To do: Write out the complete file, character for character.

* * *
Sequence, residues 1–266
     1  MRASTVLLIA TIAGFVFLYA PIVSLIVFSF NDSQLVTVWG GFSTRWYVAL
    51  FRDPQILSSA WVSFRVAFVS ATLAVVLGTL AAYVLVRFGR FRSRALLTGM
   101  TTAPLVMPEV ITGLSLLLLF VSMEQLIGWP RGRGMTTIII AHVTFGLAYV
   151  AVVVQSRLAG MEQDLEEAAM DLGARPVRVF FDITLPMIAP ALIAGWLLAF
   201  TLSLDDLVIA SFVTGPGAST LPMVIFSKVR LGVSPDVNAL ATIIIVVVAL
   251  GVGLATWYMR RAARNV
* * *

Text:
Sequence, residues 1–266
     1  MRASTVLLIA TIAGFVFLYA PIVSLIVFSF NDSQLVTVWG GFSTRWYVAL
    51  FRDPQILSSA WVSFRVAFVS ATLAVVLGTL AAYVLVRFGR FRSRALLTGM
   101  TTAPLVMPEV ITGLSLLLLF VSMEQLIGWP RGRGMTTIII AHVTFGLAYV
   151  AVVVQSRLAG MEQDLEEAAM DLGARPVRVF FDITLPMIAP ALIAGWLLAF
   201  TLSLDDLVIA SFVTGPGAST LPMVIFSKVR LGVSPDVNAL ATIIIVVVAL
   251  GVGLATWYMR RAARNV